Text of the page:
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October 10, 2002

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First job in Bishkek, we looked for a way to get some local currency, the Kyrgyz som. "Money machines here, in Kyrgyzstan?" we asked. People answered by laughing. Bishkek began its existence in 1825 as a clay fort maintained by an Uzbek Khan interested in caravan routes that trickled through the mountains from China. The Russians turned the area into a sizeable settlement. In fact, some people claim the Russians built every city in Kyrgyzstan. In those days the Kyrgyz lived as nomads; in Bishkek the only evidence we see of the old horse-riding ways are the boots that white-bearded men wear. Bishkek doesn't have as many stores, restaurants, and businesses as Almaty; Kyrgyzstan lags behind Kazakhstan in modern development and half of Kyrgyzstan's population lives below the poverty level.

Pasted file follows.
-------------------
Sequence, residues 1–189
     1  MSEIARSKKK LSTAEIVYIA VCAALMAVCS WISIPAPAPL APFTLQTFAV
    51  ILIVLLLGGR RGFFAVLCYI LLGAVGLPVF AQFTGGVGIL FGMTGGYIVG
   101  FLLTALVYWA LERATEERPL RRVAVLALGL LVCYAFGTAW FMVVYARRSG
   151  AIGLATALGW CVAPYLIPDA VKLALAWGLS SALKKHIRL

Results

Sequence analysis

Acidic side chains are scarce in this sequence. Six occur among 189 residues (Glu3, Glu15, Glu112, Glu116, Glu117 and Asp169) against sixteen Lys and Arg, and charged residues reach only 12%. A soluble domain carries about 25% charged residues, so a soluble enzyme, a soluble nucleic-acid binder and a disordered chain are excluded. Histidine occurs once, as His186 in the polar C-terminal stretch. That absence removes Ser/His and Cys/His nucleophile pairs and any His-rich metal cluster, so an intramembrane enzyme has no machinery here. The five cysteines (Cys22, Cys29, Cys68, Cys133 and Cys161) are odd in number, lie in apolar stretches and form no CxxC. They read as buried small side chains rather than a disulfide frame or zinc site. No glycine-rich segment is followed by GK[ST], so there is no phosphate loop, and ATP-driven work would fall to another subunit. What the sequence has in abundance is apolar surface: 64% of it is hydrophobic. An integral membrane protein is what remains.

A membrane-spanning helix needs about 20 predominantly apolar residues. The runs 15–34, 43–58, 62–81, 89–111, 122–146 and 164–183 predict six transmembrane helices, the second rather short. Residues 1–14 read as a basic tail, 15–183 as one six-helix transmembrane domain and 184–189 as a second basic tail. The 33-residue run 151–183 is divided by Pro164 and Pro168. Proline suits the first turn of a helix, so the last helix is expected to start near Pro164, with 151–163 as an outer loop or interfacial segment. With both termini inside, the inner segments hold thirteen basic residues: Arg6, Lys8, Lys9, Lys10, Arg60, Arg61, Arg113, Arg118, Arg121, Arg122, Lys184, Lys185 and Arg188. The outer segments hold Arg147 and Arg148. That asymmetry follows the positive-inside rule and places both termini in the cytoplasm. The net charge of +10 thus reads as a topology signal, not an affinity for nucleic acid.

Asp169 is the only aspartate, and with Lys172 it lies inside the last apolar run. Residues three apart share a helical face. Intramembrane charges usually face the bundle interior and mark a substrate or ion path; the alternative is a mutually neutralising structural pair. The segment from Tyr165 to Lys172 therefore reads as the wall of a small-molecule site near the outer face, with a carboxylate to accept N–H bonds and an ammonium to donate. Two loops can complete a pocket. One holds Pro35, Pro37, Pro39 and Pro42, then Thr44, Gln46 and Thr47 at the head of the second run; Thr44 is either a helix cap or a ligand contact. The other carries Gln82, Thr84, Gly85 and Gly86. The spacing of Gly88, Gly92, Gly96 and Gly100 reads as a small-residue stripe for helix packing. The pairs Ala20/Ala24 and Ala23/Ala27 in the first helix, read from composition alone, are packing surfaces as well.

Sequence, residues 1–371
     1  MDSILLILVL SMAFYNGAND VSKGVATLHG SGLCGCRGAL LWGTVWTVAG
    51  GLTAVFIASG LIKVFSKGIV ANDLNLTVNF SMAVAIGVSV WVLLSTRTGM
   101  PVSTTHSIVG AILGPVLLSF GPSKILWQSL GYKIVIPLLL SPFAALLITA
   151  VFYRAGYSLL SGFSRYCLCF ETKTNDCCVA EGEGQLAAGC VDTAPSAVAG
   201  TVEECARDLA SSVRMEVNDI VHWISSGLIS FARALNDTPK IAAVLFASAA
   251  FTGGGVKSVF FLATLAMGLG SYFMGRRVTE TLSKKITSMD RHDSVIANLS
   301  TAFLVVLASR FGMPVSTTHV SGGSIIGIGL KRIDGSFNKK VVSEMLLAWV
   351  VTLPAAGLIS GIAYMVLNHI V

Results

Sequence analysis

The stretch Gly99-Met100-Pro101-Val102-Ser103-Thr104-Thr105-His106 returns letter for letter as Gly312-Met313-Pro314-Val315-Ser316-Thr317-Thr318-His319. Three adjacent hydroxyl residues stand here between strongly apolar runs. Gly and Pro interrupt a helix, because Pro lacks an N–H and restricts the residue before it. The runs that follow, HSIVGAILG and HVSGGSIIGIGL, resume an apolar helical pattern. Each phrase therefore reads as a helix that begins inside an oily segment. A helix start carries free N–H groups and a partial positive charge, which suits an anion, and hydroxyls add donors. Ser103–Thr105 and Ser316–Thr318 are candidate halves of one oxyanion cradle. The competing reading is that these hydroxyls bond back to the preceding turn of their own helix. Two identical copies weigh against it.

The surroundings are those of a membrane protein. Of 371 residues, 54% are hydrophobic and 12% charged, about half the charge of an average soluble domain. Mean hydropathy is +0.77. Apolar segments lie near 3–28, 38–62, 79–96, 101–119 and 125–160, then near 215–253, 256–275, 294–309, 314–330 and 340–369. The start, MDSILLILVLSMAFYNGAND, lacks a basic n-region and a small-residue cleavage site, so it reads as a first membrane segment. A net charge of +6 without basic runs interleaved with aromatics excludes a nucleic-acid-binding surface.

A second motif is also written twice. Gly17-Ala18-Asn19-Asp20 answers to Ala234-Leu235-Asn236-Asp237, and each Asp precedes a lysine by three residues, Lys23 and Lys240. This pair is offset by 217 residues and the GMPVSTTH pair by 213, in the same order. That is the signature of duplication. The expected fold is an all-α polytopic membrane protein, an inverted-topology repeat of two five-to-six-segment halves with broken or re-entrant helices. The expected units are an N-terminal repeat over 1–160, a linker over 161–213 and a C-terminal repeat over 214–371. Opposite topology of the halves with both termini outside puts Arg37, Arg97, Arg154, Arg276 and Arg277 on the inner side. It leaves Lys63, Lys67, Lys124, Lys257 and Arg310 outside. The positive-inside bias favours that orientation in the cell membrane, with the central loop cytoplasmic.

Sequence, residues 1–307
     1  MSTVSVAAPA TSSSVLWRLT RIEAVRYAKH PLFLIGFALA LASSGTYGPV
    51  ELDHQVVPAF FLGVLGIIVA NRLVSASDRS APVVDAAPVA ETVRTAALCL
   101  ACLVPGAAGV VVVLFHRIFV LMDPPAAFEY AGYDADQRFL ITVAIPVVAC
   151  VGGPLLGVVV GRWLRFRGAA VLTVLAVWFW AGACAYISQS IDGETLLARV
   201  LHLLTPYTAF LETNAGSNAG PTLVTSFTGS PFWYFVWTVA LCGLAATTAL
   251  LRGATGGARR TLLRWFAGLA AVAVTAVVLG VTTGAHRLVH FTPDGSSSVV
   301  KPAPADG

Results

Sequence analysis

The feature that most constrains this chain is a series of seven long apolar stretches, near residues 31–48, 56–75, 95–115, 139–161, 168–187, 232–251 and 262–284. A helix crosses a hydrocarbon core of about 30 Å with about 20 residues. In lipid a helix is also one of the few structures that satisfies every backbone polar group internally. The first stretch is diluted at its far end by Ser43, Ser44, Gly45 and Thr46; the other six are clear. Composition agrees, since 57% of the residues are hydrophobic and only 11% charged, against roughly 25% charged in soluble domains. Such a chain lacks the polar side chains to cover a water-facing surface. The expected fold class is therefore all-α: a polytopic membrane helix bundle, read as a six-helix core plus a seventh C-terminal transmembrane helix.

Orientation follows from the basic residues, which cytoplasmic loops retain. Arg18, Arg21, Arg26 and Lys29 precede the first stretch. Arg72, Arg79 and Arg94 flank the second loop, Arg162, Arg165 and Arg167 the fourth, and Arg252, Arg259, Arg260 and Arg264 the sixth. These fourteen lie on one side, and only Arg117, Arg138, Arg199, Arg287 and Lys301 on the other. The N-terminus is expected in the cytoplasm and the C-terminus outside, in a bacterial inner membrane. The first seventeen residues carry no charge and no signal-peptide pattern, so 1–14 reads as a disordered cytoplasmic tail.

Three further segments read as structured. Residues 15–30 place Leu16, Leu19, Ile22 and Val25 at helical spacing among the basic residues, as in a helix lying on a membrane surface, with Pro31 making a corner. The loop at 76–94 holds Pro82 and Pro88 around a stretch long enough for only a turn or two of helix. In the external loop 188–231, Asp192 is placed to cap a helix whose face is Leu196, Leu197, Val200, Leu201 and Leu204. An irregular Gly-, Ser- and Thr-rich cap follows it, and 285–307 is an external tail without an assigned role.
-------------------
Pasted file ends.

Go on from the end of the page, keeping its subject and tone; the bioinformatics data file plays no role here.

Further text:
Robes, riding breeches, and felt hats.
Kyrgyzstan shows its Russian influences without embarrassment; Lenin proudly stands in center square. Many Kyrgyz are pro-Russian; they miss the subsidies and infrastructure investment of the Soviet days.
We had another embassy merry-go-round and visited the Uzbekistan and Indian embassies. We've discovered that embassy procedures are always different, even between embassies of the same country. For example, Uzbekistan embassy in Almaty claimed it would take 10-15 days for any visa, including multiple entry, while the one in Bishkek will do a single entry visa in four days and does not issue multiple entries at all. In the USA the Uzbekistan embassy will issue a 4 year visa. After we finished up with the bureaucrats at the embassies, we hired a car and some horses from a local travel agency. We'll be riding horses like nomads for the next few days. We went to the bazaar and bought boots and warm clothes for 14 bucks. It would have been cheaper except one dishonest salesman slipped a 100 Tenge note for change instead of 100 Som and our inexperienced eyes didn't catch it; a 100 Tenge note is one third as valuable as 100 Som.